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Fall and its Falling
I lied down in the darkness with my piles of dirty clothes hidden from my eyes. I was used to the mess---the crumpled papers, the bags and purses, everything---that covered my pure white carpet and disguised the perfection that was always trying to be conveyed. But at night, there was nothing. Nothing to focus on. Nothing to distract me. Nothing but the voices that managed to slither through the walls and invade the boundaries of my room.
I clasped my ears with my ice cold hands, trying desperately to block out the accusing screams. They never fully went away. I squeezed my eyes together as tight as I could, welcoming the pain that accompanied with the pressure. I tried to concentrate on it, seeing little red spots dance behind my closed eyelids. It was all I had right now to protect me from everything I didn’t want to hear.
“You expect me to believe that I’m the only man you’re seeing right now?” Kyle’s booming voice echoed through the walls. His words were sharp and aggressive, almost as if each one was spat out.
“You are! I can promise you . . . I can swear on Julia’s life and---” I heard my mom yell weakly, bringing my name to her mouth before being cut off by the shattering of her precious vase.
I didn’t want to hear anymore, but I couldn’t sleep. The sounds were mixing with the darkness and together, they were swallowing me. I didn’t know how to escape. I twisted in bed, with my blankets tangling around my body, as if they too wanted to trap me.
I put my headphones on, desperate for all the sounds to be drained out. It didn’t help. I knew what was going on. I knew that my mom was sobbing right now, even if I couldn’t hear her weak cries of helplessness. I knew that Kyle wasn’t comforting her, or apologizing for his jealous outbreaks which never used to exist. I could picture the scene in my head, my mom kneeling on the floor trying to gather the broken pieces of glass as he just stood there, watching her, reveling in his newly gained power.
I felt a gentle touch on my arm and jumped, startled by the unexpected contact. I opened my eyes to see Amy’s soft face crumpled in an unexplainable emotion---hurt, but confused. She still had her childhood innocence---that obliviousness that fades away as time passes---but she knew things weren’t right, even if she didn’t fully understand it.
I pulled off my headphones so I could hear her, but she didn’t say anything. I sat up and remained quiet, waiting for her to open her mouth, but she just stood there in the darkness with that look on her face.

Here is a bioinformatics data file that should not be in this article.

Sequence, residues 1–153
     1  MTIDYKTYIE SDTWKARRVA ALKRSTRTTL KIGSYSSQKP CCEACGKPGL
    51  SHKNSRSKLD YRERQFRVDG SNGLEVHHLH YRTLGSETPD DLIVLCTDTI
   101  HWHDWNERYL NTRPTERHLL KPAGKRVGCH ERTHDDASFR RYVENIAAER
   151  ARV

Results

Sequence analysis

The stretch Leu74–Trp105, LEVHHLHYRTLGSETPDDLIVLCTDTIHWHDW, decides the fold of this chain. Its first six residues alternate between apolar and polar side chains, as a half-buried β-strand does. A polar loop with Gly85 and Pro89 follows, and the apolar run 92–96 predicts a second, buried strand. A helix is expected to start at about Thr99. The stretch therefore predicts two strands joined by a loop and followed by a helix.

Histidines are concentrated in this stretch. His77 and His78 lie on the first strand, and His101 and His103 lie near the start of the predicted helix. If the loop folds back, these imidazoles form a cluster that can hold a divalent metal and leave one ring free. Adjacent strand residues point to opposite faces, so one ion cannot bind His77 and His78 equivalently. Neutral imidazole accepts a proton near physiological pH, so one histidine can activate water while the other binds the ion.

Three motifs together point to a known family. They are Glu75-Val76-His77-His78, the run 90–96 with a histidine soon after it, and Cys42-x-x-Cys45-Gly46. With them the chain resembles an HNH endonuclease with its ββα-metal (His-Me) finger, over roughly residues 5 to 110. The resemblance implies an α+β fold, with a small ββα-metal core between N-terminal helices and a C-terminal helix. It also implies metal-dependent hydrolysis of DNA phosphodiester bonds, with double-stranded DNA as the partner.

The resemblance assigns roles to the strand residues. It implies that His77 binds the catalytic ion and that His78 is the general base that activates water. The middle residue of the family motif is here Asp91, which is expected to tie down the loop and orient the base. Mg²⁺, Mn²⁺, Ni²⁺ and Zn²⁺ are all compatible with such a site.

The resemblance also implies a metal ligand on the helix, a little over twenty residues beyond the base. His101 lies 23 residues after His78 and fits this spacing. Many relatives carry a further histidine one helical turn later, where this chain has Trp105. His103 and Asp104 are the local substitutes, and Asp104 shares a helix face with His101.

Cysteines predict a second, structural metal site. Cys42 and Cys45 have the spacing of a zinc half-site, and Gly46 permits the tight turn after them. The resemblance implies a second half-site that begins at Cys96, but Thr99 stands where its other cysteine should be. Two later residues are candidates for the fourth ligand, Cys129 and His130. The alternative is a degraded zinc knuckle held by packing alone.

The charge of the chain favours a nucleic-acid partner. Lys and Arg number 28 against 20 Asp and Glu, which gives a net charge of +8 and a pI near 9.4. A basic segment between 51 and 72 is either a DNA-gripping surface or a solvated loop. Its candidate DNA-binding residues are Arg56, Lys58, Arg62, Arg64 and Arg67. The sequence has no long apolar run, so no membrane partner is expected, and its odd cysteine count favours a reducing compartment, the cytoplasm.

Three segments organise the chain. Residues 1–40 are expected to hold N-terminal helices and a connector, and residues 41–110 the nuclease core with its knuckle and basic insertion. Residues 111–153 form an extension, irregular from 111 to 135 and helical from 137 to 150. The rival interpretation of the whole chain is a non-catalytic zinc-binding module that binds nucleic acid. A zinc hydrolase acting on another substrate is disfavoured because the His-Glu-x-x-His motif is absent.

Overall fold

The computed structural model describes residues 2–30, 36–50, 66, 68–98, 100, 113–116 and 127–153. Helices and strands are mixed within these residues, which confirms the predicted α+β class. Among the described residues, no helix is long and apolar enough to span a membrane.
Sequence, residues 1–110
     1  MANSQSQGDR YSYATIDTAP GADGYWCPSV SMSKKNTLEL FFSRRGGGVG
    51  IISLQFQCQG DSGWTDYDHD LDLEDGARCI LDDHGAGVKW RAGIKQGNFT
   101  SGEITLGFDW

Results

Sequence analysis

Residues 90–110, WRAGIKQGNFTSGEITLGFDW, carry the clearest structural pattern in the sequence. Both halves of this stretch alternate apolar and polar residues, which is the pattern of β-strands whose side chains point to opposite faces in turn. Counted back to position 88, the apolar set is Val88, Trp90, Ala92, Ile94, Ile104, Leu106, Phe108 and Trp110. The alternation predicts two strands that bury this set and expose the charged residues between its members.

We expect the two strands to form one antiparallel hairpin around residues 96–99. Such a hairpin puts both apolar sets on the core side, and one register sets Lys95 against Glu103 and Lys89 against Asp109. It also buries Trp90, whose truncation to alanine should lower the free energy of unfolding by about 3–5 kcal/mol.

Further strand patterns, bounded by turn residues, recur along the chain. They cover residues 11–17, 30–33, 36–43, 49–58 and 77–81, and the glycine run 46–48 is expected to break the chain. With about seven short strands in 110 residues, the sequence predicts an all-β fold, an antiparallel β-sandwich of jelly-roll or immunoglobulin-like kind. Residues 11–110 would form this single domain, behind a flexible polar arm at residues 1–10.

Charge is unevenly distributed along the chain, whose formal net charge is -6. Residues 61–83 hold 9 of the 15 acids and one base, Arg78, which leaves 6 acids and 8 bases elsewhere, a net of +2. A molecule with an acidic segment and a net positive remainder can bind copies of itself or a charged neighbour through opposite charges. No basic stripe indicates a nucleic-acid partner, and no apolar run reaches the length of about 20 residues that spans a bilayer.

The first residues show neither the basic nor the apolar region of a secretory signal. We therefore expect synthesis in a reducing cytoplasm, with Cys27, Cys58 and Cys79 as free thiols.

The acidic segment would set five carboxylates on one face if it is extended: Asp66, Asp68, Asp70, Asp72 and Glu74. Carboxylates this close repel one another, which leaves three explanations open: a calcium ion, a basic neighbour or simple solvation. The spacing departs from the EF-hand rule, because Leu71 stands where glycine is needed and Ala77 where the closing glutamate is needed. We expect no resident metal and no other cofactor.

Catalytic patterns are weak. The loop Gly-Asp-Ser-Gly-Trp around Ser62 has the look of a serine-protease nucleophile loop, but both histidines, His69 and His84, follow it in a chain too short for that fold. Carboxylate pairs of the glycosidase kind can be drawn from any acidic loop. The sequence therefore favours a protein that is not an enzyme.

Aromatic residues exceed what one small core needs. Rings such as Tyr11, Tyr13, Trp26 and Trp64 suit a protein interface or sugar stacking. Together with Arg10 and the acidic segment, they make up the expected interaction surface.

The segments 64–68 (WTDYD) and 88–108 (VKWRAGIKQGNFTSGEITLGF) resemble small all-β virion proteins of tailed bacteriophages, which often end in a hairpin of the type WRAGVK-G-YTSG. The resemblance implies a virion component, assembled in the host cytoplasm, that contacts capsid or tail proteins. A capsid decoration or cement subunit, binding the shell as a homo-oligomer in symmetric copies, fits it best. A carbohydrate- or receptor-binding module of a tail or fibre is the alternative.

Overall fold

“Do you want to sleep in my room tonight?” I asked her in a half whisper.
Amy quietly, but quickly, crawled into my bed for the third time this week. “Why are Mommy and Kyle still fighting?” I wish she didn’t have to ask, so I didn’t have to lie.
“Well, that’s what people who get married do. They fight sometimes. . . .” I tried to explain weakly, guilt smothering my heart.
She seemed to think about it, trying to understand why what I was saying didn’t sound right. “Mommy and Daddy didn’t fight . . . I miss Dad. I wish he would come back.” She paused, and took a moment of silence to concentrate on what she said. “I don’t like Kyle. He makes Mommy sad and I don’t like it.”
I didn’t answer because she was right, although “sad” was a minor way to describe the way he made our mom feel. It was more like helpless, worthless, and stupid. Ever since our real dad died, nothing had been the same. Not only did he leave Amy and me behind, but my mom, who never dealt well with loneliness. When Kyle came into her life, not only was she happy, but all of us. We didn’t know him long, but he grew on our broken family as he made promises and treated us like we were his world. Mom rushed along trying to fill her heart with the love she lost---the love her shattered heart could no longer feel.
“Sharon,” he’d say, “one day I’m going to make you the happiest woman alive. You’ll see. There won’t be a thing you want that you can’t have.” He had filled Mom’s head so much with the same line told in so many different ways. How couldn’t she believe that somehow, a second Mr. Perfect had slipped into her life? How couldn’t we believe that we were gifted enough to say that we found a second father, who loved us as much as he possibly could?